In his biography of Robert Schumann, John Worthen has reset the terms of understanding the life and times of this great German composer. (This book came out last summer, but I’ve only now gotten around to reading it cover to cover, so I offer this review now.)
And unless other persuasive information comes to light, I’m inclined to go with his conclusion: That Robert Schumann was not in fact mentally ill in any way; he was instead the victim of syphilis, as so many urbanites were in the 19th century. He was infected as a young man, suffered strange nerve problems over the years until the tertiary stage asserted itself in 1854 with his would-be suicidal plunge into the Rhine.
The key factor that Worthen has noted in his thorough and beautifully written biography of Schumann (Robert Schumann: Life and Death of a Musician ) is the one that it’s easy for later scholars to overlook, and that is the conventional wisdom of the past. In the 1830s, for example, it was commonly believed that you could be cured of syphilis, and not until decades later was the truth of its deadly nature known.
And so it was that Schumann believed that the syphilitic infection he acquired in 1831 from a woman known only to us as Christel had dissipated, and neither he nor the physicians of the day knew that spirochetes were steadily at work on his nervous system from that point forward. It can’t be known for certain whether the illnesses he suffered after that point were attributable to his underlying syphilis, but the potency of the disease makes the idea more likely.
I am spending a lot of time on this point because if we understand Schumann as the unfortunate victim of a sexually transmitted disease in the pre-penicillin era, his whole life takes on a different coloration. Instead of the creator who cranked out an astonishing amount of music in a very short time because of his manic-depressive mindset, we instead see him as a creator trying his best to get as much money as he could for his wife and family as possible in order to make ends meet and justify the faith his wife had in him when she risked the estrangement of her father to be with the man she loved.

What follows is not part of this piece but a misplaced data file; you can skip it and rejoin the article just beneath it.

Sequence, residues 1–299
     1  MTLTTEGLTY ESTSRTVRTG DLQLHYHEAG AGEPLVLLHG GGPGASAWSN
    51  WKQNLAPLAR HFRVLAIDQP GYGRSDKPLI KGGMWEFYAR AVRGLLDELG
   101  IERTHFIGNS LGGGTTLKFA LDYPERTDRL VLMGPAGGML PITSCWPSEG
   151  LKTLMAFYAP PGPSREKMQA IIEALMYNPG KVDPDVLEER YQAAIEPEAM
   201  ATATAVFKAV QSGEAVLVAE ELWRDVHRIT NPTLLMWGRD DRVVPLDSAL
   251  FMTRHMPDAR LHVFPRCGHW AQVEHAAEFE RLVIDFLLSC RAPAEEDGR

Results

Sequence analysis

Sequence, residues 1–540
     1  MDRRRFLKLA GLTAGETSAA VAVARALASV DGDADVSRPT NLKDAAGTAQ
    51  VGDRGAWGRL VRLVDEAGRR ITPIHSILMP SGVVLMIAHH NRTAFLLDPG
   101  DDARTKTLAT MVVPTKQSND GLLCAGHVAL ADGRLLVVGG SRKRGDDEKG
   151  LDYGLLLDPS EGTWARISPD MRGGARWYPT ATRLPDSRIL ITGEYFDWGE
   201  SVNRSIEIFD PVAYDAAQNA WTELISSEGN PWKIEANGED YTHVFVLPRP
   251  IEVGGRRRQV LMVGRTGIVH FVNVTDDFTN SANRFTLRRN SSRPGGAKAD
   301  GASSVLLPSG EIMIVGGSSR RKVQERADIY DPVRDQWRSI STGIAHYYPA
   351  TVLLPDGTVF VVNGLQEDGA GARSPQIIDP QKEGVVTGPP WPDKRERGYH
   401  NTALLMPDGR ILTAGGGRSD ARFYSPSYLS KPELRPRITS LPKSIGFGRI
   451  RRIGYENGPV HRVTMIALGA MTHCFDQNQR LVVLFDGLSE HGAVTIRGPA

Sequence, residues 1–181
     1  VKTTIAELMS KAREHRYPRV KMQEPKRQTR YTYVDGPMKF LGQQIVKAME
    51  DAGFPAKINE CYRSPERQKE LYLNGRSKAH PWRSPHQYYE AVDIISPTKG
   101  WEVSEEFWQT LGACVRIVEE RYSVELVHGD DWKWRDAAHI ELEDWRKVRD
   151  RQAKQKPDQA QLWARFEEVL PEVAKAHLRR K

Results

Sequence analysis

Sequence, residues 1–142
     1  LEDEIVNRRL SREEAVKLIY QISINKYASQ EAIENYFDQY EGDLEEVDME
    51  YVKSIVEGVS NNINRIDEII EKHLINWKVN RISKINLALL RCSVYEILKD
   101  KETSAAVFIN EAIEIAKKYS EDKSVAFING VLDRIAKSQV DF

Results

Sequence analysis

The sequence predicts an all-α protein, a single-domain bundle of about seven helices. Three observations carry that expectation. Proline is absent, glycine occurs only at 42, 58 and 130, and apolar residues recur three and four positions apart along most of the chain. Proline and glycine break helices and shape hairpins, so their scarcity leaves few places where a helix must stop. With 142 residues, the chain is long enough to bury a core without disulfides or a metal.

Instead of a man haunted by mental illness, we have a composer who suffered repeated bouts of unexplained illness that depressed him, but never critically impeded his work until 1853, when his hearing started to go seriously amiss.
Worthen, a British academic and expert on D.H. Lawrence, has here given us the biography of a hero, a man who worked extremely hard to be a success, sustained a loving marriage with seven children, and managed to turn out an exceptional amount of fine music, as well as important musical journalism, in a relatively brief life. He was undone by a disease no one understood properly until at least 30 years after his death, and given that he meticulously documented his illnesses, one must concur with Worthen’s frequent observation that Schumann’s ability to carry on with his composing in the midst of it is “amazing.”
This is a biography of Schumann’s life, not his music, as Worthen asserts in a prologue. Worthen has drawn the details from the extensive personal records of Robert and Clara Schumann, which provide an intimate, detailed picture of the lives of two of Germany’s most prominent 19th-century musicians.
Worthen divides his book into three main parts: His early life, his relationship with Clara, and his marriage and career. A brief fourth part describes Schumann’s two years in the asylum at Endenich where he died in July 1856, and an appendix includes the autopsy the asylum’s attending physician sent to Clara.
Throughout, Worthen’s tone is erudite but not suffocatingly scholarly. He writes with exceptional clarity about his subject, and he makes good use of his overall thesis by testing conventional wisdom against it: